a. We value human life and dignity, as guaranteed by the Constitution.

b. We believe that integrity is the basis for community trust.

c. We respect the principles which are embodied in the Constitution of the United States.

d. We recognize the authority of federal, state, and local laws.

e. We strive for personal and professional excellence.

f. We are accountable to the people of the community and to each other.

g. We believe that cooperation with the community and the members of our organization will enable us to combine our diverse backgrounds, skills, and styles to achieve common goals beneficial to the community and the Darien Police Department.

h. We are most effective when we can identify and solve community problems.

i. We are dedicated, caring, and capable people who are performing important and satisfying work for the people of the Town of Darien.”

The recognition and statement of values by a police department is extremely important. These values are the foundation of everything for which we stand and believe in. The leadership of the Darien Police Department has the expectation that members of the Department will adhere to the highest ethical standards and provide honorable, consistent and lawful service to all residents and visitors to the Town of Darien.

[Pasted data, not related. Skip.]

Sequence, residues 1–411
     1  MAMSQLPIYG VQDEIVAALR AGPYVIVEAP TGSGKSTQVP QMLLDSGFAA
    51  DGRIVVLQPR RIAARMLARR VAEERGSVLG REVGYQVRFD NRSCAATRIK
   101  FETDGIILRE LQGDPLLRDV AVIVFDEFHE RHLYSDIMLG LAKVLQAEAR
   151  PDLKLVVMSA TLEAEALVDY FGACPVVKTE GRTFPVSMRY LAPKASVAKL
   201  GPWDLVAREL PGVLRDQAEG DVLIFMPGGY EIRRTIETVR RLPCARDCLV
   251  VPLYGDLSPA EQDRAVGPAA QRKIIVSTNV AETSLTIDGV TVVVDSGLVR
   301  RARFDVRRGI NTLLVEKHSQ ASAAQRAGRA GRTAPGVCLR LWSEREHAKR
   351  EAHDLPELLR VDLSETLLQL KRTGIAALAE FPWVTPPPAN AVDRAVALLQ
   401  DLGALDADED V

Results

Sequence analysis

Our officers come from all walks of life and undergo a rigorous screening and background process. They are highly trained and educated; we hire quality officers who then are monitored and mentored closely throughout their career. We train our officers to a high standard in all aspects of professional public safety, but notably in Fair and Impartial Policing, Bias Free Policing and De-escalation techniques. Our officers treat people, residents and visitors alike, with respect and dignity. I will not accept anything less and the public should not be expected to either.

The Darien Police Department has been a professional police agency for the almost 37 years that I have been employed here. In that time, the department has operated lawfully, reasonably and honorably. Do we always get it right? No, we don’t. Have we made errors? Yes, we have. But when we don’t get it right, we look to fix responsibility, address the problem forthrightly and quickly make it “as right” as possible.